That’s it. They want to sell-off more Council housing with no commitment to build any more! So whilst their spin doctors present the picture of a new ‘moderate’, centre ground Party under the leadership of ‘Dave’, they in fact appear to be returning to Thatcher who helped to create the housing crisis by the give away of public assets on the cheap. Or as Harold Macmillan called it “selling the family silver”.

The comment on “greater pride and a greater stake in their community” is in fact an insult to Council tenants, implying that only home owners have an interest in their local community.

David Renard made a public commitment that if tenants were opposed to transfer then he would be prepared to accept that provided that they recognised that the service provided ‘could not be as good as in the past’, given the financial constraints they faced.

According to the figures quoted by the Advertiser 298 people were completely opposed to transfer, 366 were “concerned” about the possibility of transfer, with 191 in favour. In other words barely more than one in five of those who ventured an opinion were in favour of transfer.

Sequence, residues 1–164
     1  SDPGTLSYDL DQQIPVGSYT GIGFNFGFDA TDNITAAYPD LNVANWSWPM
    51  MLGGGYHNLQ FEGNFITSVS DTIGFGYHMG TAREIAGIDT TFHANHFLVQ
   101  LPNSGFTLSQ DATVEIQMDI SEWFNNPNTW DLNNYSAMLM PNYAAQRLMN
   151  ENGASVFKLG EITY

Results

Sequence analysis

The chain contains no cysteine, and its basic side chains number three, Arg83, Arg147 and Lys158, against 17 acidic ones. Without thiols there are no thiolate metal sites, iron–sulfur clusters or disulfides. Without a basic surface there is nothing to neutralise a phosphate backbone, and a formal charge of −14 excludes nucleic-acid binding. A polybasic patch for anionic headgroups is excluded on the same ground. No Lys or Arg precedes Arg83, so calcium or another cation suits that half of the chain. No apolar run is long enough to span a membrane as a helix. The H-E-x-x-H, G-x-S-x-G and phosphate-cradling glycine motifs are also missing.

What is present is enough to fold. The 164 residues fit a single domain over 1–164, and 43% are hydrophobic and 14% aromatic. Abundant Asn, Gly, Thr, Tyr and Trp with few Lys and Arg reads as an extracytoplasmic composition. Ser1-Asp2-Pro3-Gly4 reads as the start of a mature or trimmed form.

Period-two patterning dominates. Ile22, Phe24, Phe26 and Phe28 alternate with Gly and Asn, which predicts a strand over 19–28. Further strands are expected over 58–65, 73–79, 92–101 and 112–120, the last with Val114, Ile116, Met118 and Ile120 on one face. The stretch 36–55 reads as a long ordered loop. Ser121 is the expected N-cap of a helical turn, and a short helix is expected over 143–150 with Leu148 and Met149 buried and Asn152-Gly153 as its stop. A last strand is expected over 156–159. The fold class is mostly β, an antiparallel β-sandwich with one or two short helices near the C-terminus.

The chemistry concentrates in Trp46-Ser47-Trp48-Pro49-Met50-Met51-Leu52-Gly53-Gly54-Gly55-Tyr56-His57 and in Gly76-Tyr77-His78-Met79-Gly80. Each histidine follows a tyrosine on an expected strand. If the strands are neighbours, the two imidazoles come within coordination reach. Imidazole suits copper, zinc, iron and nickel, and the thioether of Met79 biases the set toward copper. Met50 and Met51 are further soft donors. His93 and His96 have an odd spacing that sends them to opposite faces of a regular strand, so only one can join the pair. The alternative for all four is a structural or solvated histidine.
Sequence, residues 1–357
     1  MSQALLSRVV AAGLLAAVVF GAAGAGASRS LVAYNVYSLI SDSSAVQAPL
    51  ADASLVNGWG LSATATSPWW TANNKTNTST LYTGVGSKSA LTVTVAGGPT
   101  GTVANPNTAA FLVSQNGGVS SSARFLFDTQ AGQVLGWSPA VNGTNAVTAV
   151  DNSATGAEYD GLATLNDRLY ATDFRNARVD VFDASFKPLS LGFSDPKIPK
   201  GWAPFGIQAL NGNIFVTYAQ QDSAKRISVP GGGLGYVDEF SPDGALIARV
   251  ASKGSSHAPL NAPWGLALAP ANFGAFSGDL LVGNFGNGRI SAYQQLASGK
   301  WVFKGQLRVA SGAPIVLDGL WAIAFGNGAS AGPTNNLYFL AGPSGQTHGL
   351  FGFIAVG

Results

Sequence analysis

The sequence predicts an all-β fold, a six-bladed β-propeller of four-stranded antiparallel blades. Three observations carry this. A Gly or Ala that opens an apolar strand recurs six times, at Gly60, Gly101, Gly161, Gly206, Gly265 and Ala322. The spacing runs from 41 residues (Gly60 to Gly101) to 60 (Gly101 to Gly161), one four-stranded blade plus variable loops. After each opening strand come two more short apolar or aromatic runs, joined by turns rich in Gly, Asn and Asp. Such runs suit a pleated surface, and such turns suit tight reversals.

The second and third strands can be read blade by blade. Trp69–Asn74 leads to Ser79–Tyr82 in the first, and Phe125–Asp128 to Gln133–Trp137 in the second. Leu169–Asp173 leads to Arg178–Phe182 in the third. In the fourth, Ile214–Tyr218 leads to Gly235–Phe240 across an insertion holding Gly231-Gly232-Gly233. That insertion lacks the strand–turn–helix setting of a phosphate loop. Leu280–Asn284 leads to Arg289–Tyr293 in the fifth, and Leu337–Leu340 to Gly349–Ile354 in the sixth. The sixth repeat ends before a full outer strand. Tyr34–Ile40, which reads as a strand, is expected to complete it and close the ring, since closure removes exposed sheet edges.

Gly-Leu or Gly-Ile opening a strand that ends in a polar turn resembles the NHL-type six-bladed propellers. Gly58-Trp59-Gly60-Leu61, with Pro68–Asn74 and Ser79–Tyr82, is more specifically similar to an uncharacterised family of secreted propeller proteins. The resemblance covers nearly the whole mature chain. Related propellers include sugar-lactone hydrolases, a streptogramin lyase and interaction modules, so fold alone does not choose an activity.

Why did so few people participate in the ‘consultation’? None of us have sufficient information to make a definitive judgement. Some will no doubt speak of ‘apathy’. Others would suggest that many are sceptical about Council ‘consultation’, believing that they have already made up their minds. There is much real evidence for this scepticism as the experience of the Coate and other consultations have shown. When the last ‘options appraisal’ took place the overwhelming majority of tenants expressed their support for staying with the Council; around 90%. Have their opinions changed significantly? We don’t think so.

Last time the Council organised meetings on the Council estates at which there was a debate, and any tenant could express their point of view. This time round, with the exception of sheltered housing, where there is so to speak a captive audience, the Council did not organise meetings. Asked why this was, a senior officer told us that “the problem with meetings is that people with strong opinions have a lot to say”. It is hard not to conclude that they were frightened of an open debate about the options.